rx_over_errors: 0
         rx_frame_errors: 0
         rx_fifo_errors: 0
         tx_fifo_errors: 0
         tx_heartbeat_errors: 0
         rx_queue_0_csum_err: 0
    There can be RX errors :)
    I stand corrected, got this situation confused with TSO issues mentioned in sk41942. Very bad memories of that one, enough to briefly mention it in my book.
    --
    Second Edition of my "Max Power" Firewall Book
    Now Available at http://www.maxpowerfirewalls.com

  13. #33
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    Default Re: MTU issues: packets are always fragmented by firewall!

    Quote Originally Posted by msjouw View Post
    Clamping MSS is ALWAYS better than allowing fragmentation. Instead of chopping the packet in 2 packets and adding overhead, you tell both sides that the MSS is lower, as an MSP we have a lot of customers with IP-SEC Backup connections, where the mss is lowered by default top a value close to 1300.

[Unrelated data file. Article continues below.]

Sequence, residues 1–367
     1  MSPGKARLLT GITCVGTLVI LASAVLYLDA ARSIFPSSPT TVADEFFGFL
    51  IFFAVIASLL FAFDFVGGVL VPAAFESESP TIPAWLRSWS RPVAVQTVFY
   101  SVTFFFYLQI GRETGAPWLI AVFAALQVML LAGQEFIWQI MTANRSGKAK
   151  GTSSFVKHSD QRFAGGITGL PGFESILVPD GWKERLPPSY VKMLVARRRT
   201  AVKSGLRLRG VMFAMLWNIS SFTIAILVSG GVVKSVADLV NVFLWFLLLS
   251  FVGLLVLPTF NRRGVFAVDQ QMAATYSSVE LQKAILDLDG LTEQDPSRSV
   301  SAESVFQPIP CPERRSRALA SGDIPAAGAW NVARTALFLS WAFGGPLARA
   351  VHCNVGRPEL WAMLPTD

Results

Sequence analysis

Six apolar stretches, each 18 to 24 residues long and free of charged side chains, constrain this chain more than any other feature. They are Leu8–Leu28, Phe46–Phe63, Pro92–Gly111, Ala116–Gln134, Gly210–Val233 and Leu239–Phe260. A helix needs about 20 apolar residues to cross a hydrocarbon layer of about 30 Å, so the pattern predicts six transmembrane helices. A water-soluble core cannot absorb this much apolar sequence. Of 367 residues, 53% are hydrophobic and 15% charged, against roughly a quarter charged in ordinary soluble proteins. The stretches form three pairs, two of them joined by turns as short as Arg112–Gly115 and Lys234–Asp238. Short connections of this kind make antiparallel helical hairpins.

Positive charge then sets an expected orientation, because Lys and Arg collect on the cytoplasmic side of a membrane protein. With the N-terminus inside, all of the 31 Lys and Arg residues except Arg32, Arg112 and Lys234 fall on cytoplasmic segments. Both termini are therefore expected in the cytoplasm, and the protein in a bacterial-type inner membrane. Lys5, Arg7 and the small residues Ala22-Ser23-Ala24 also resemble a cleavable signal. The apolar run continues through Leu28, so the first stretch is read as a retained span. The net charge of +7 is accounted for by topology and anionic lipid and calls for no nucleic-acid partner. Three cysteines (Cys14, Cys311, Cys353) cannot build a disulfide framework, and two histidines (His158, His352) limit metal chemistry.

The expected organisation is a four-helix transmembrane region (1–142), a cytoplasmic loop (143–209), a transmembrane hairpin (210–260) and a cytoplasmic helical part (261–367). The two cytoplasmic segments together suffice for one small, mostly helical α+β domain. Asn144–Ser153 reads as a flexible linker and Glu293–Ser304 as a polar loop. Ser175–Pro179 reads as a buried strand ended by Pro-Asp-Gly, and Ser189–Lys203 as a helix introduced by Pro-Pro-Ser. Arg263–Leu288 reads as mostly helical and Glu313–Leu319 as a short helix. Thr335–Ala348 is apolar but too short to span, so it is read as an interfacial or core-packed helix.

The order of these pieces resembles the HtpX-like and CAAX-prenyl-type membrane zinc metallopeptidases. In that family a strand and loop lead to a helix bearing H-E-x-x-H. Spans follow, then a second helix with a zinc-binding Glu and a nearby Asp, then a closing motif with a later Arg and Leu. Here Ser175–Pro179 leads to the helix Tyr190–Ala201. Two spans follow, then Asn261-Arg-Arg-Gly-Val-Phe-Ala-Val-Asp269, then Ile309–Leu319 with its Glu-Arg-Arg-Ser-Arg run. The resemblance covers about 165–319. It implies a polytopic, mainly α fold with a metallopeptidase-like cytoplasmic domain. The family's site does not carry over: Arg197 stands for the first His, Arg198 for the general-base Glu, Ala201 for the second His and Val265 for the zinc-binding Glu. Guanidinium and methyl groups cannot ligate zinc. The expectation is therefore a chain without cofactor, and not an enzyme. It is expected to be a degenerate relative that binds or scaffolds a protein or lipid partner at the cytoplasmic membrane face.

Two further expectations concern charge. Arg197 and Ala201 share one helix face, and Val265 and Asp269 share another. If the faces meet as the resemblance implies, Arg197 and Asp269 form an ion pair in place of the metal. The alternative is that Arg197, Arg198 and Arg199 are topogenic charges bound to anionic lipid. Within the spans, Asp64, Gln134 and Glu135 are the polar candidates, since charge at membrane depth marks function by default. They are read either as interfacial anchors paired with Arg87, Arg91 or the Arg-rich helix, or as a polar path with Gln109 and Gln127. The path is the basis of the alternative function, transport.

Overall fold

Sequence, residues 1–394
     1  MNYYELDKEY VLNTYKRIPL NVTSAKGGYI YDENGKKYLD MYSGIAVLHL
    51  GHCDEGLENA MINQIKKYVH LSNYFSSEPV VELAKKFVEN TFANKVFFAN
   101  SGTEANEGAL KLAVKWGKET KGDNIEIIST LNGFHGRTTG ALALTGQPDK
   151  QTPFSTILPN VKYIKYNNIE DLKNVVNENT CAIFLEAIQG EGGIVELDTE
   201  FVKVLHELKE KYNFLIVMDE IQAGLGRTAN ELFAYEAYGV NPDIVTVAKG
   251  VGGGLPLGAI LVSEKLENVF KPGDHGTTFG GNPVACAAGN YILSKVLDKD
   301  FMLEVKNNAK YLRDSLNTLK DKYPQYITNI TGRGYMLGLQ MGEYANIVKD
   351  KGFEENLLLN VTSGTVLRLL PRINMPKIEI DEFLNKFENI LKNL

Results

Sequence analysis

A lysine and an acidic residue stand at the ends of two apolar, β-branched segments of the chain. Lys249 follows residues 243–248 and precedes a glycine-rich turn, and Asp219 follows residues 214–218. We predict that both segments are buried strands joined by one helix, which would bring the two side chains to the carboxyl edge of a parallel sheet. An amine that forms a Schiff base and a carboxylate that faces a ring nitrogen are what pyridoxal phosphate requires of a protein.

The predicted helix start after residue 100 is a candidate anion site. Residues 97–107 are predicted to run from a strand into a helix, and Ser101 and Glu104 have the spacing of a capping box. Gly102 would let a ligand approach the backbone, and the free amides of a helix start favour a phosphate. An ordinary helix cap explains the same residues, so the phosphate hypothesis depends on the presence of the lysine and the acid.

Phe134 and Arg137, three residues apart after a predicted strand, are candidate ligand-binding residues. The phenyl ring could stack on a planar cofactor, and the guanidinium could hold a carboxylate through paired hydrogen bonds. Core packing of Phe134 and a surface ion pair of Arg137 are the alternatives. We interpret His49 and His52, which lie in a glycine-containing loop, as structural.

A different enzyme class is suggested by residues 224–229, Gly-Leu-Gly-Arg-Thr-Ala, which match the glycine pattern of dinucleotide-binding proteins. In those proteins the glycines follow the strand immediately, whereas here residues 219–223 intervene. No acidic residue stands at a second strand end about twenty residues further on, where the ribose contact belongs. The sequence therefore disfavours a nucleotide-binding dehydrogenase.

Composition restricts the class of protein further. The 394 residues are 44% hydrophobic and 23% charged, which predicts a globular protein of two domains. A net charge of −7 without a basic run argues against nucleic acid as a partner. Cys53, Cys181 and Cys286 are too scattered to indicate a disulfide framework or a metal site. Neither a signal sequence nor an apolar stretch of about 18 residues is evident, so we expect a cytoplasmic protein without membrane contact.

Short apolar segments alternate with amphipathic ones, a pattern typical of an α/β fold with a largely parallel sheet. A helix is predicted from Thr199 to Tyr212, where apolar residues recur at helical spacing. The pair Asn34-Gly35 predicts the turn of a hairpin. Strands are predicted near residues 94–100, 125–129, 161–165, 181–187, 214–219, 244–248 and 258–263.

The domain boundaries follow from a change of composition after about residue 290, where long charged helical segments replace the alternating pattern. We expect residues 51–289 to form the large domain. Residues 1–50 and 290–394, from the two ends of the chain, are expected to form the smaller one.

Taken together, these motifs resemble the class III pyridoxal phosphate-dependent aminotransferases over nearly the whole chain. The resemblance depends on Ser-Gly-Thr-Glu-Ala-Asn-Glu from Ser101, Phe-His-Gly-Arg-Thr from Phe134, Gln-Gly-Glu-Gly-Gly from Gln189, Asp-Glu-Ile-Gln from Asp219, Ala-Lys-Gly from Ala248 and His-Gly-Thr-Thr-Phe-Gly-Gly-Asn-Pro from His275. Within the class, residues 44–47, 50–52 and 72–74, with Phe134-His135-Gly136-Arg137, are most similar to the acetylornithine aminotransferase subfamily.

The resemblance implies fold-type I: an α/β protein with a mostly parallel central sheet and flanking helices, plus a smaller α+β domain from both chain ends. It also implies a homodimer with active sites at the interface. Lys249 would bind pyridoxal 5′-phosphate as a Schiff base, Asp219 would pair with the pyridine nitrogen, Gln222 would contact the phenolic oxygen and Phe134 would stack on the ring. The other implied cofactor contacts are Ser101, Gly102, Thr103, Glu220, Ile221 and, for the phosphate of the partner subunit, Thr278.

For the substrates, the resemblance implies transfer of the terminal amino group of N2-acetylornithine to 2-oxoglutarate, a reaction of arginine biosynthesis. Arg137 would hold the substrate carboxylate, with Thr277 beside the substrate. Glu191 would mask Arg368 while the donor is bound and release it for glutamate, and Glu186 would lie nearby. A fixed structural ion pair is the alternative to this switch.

A simple program called tcpoptimizer is a windows tool to find the MTU used on the link to a specific host, lower that number by 40 and use that as the MSS clamping value.

    We have seen performance increases on a low speed connection with fragmentation to the same line with MSS clamping turned on of up to 180%...

    When you want to read a really good article about this look at this and take a very good look at scenario 9
    I donít get why anyone would want to use pmtu over mss. Maybe because pmtu is semi auto? Shrug. Just seems like it is better to not rely on a 2nd protocol to figure out mss when it can be handled with just tcp. Well right writing this I though of md5 based bgp.